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A ‘curio’ is an unusual, rare, or intriguing object. Located in the heart of San Francisco’s Mission District, Curio is at the center of the community, reflecting the free-spirited, artistic culture that defines this neighborhood. From the design to the drinks and food, there is a unconventional style that reflects the vibe of the people who make up the bohemian community.

Drawing inspiration from The Chapel’s past life as a mortuary, we explore the mystical, curious elements of life and time. Art installations include a multiplicity of clocks, victorian dioramas, vintage light fixtures, figurative paintings, and electric neon signs, creating an eclectic and mystical vibe throughout the variety of spaces.

Illustration of Death
Illustration of the Devil

The Team

Mario Tolentino


Born and raised in San Francisco, Chef Mario Tolentino attended the California Culinary Academy to sharpen the cooking skills he had already begun to hone at a young age. After graduation, he spent more than a decade traveling and working with high-caliber chefs in award-winning kitchens. He applied his experience working under these notable chefs, and for one and two Michelin star-rated restaurants, to win an episode of Food Network’s Chopped in 2010.

After stints in New York City, where he worked as the Executive Chef of Juliet Supperclub and partnered with LDV, a New York City-based hospitality group, Mario returned to his hometown to revamp the well-known and beloved Betelnut. Most recently, he was the Culinary Director at The Market on Market in San Francisco’s rejuvenated and dynamic Mid-Market district. At Curio, he brings his expertise in Californian farm-to-table, modern American, and Southern low country cuisine, as well as his mastery of seafood and meat butchery, to his dinner and brunch menus at Curio. When he’s not in the kitchen, Mario enjoys, art, immersive travel, table tennis, and disc golf.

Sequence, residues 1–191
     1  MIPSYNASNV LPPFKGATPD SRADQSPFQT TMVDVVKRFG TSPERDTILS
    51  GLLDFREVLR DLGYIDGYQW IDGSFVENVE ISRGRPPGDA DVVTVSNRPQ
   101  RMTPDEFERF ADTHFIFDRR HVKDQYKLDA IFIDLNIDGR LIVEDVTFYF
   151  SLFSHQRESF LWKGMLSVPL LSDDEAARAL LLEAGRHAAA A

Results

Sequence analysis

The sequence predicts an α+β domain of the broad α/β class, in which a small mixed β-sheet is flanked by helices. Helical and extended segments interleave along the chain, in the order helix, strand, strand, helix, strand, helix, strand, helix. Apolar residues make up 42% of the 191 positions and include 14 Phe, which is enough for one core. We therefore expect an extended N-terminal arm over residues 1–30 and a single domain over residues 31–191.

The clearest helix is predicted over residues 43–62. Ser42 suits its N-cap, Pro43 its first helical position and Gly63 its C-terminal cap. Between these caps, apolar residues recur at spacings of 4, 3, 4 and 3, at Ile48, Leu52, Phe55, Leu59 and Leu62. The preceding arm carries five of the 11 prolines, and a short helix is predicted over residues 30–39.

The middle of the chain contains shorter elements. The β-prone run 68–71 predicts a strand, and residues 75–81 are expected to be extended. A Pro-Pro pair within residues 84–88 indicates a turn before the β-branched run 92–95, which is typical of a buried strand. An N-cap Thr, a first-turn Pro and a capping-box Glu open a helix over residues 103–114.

Jack Knowles


Jack Knowles’ philosophy when it comes to restaurants is that people don’t come together to eat, they eat to come together. His goal is to translate that sense of community into his spaces; most recently, with Curio at The Chapel. The way he sees it, in the restaurant world, everyone’s a guest. Due to his Queens, New York upbringing, Jack has a special affinity for night, and with that comes an appreciation for nightlife. He finds that there is a certain mystery and excitement that comes alive after the sun goes down.

After spending more than 20 years investing in, building, and designing properties; Jack broke into the hospitality industry when he teamed up with his restaurant tenants to help them develop their concepts. In 2009, Jack purchased a building that was previously home to an old mortuary school. He completely reworked and redesigned the building into what is now The Chapel: a live music venue in the heart of San Francisco's Mission District. Jack is intrigued by design, and enjoyed collaborating with artist Michael Brennan to create the space for Curio at The Chapel.

In addition to The Chapel, Jack owns À Côté, a small plates restaurant in Oakland’s charming Rockridge neighborhood. Because of the live music component at The Chapel, Jack listens to music all day, every day. His interests span across genres, allowing him to relate to many of the musicians that play there. Some of his favorites are Bruce Springsteen, Jackson Browne, and Van Morrison, but he’s a jazz fan, too. Namely, classic tenor sax including artists such as Sonny Stitt, Cannonball Adderley, Ornette Coleman and Coleman Hawkins, to name a few.

When he isn’t working, Jack enjoys hanging out and traveling with his partner, Trish. He also aims to ride a bike at least 200 days a year. He enjoys urban bike riding on his specialized hybrid bike in the East Bay, around neighborhoods, or through Golden Gate Park.

Michael Brennan


Michael has been recognized nationally for his restaurant designs including Esquire Magazine, for George Morrone's Tartare restaurant, one of the top restaurants of 2004; Bon Appetit Magazine for his work on Hotel Rex, San Francisco Magazine, and DFL (Design For Living) which Michael was recognized for his Tartare design. His repertoire includes more than 40 restaurant projects in San Francisco, Palo Alto, Napa, Los Angeles and Las Vegas. His mural commissions include extraordinary work in the Oakland Arena, Metreon in San Francisco, and the Park La Brae in Los Angeles. He sees Curio as an art project, unlike many of the other restaurants and nightclubs he’s designed in recent years, because of how much of his artistic identity he incorporated into the design. The Johnny Cash song, “My Grandfather’s Clock,” was his primary inspiration for the design of Curio. The lyrics speak to the poignant idea that the clock and the singer are experiencing life and time together.